The Hype factor behind emerging technologies and blockchain


Printed title: Beyond Hype

New technologies such as blockchain, artificial intelligence and robotic inspections evoke emotions about the potential results they can produce. The leaders swirl with creative ideas about the possible ways to apply them.

These same technologies, however, cause distress to company leaders who are not exactly sure if, or how, apply them, so they wait with caution to see how the first adopters do it.

There is also the hype effect. Every year Gartner identifies emerging technologies that will have the greatest impact on companies and will position them on a curve to show where they fall into the cycle of hype. Its curved pegs 2018 autonomous mobile robots, digital twins and Internet of Things platforms are approaching the peak of inflated expectations, with blockchain over the peak and augmented reality in the "trough of disillusionment". The latest innovations on the curve, on their way including autonomous flying vehicles, general artificial intelligence and 4D printing: all Gartner forecasts will take more than 10 years to reach their peak.

The Blockchain is important to follow, as it has enormous potential for MRO – to show the complete nose-to-tail configuration of an aircraft, to optimize leasing returns and make the supply chain system for the parts much more efficient – but it could also impose new business models, be very disruptive to distributors and request new technical bases.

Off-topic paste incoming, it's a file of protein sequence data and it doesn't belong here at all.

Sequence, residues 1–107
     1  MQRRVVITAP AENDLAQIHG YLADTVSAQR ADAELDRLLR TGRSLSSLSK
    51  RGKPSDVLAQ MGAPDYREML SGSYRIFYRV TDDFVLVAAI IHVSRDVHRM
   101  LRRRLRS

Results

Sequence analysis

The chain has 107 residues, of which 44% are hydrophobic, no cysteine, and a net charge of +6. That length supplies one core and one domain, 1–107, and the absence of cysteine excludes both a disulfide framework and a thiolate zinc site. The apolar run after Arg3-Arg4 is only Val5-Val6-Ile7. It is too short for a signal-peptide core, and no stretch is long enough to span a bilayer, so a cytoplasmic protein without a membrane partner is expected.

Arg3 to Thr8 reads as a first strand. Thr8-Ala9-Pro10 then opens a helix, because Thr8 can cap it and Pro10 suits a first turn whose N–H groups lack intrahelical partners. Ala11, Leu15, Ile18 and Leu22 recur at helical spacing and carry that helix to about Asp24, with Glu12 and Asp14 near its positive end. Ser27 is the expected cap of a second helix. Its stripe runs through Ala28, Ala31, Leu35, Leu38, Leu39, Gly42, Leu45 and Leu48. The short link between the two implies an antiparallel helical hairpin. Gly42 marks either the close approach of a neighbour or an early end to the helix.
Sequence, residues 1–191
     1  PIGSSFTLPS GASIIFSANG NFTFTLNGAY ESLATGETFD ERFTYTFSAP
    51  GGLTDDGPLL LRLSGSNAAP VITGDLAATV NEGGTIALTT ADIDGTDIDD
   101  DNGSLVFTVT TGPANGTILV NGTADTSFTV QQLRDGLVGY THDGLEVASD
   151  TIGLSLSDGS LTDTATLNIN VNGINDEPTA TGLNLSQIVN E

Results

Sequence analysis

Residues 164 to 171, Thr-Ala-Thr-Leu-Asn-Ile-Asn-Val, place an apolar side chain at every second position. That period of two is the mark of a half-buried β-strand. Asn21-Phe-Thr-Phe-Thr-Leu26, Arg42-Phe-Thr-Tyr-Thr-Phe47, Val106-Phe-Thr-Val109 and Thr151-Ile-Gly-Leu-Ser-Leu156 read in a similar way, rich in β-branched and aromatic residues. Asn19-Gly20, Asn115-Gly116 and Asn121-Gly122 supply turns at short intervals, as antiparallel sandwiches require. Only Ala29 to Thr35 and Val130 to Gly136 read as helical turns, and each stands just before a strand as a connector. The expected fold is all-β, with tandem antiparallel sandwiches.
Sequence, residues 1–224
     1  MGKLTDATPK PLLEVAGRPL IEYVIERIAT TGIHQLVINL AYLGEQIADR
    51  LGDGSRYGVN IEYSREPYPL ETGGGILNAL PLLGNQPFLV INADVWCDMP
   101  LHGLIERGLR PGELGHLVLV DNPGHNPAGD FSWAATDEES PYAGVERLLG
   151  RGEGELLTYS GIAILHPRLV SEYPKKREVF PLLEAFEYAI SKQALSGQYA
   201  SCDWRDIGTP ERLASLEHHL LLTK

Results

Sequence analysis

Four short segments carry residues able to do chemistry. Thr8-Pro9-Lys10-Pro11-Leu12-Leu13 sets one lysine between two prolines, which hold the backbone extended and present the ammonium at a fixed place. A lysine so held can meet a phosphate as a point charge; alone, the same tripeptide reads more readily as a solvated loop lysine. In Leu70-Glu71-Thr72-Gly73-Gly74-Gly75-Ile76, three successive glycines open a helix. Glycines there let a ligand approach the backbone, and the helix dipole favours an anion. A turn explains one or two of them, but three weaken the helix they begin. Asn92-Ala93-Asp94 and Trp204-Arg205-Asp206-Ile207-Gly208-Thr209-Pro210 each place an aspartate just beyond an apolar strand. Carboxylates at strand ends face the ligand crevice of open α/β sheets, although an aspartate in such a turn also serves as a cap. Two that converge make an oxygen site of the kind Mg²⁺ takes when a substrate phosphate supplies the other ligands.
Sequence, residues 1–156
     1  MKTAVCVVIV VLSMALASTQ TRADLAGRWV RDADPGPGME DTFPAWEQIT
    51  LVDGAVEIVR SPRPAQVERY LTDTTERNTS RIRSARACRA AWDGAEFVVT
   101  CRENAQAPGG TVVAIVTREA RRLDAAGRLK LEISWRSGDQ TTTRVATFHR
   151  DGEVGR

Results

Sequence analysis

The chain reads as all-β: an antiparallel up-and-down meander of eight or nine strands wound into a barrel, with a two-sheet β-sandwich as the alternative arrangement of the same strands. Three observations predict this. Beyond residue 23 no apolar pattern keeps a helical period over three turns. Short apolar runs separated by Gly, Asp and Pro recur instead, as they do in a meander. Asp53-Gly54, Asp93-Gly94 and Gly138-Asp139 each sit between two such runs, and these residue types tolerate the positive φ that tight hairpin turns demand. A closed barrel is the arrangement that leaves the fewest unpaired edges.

Blockchain requires collaboration, and in this industry much driven by the process with complex supply chains, the establishment of shared records, or record blocks, requires trust. To get there, no entity can do it alone.

This is the reason why companies are looking for partners and try to create consortia. One is PwC; he hopes to have his proof of the concept with real data available within the next quarter, says Rachel Parker Sealy, partner of PwC Advisory. He says that a viable, scaled-up solution could be ready within 1-2 years.

The point of no return – when companies are populating the blockchain with "nose-to-nail" data – could be between 2-3 years, "but this could be me being optimistic," he says, pointing out that the adoption rate will depend from the change management process, not technological roadblocks.


An obstacle related to management change is data ownership, which is a concern for many in the industry.

Blockchain will require the buy-in of the sector and the confidence that digital information is secure and available for the right parts. The same goes for big data platforms, with almost a dozen available for the aviation aftermarket now.

This is part of the reason why Lufthansa Technik, which created Aviatar as an open platform for industry, intends to separate Aviatar into a separate company and attract more stakeholders. "I'm pretty sure we will not be the only owner in 12 months," says Johannes Bussmann, president of MRO (MRO25).

"Competition will therefore become: who does good things with data, not who has access to them, this is our vision," he says.

Positive business results are the goal of emerging technologies and big data, but solving problems related to data ownership and data rights will probably be the most difficult part.

[ad_2]Source link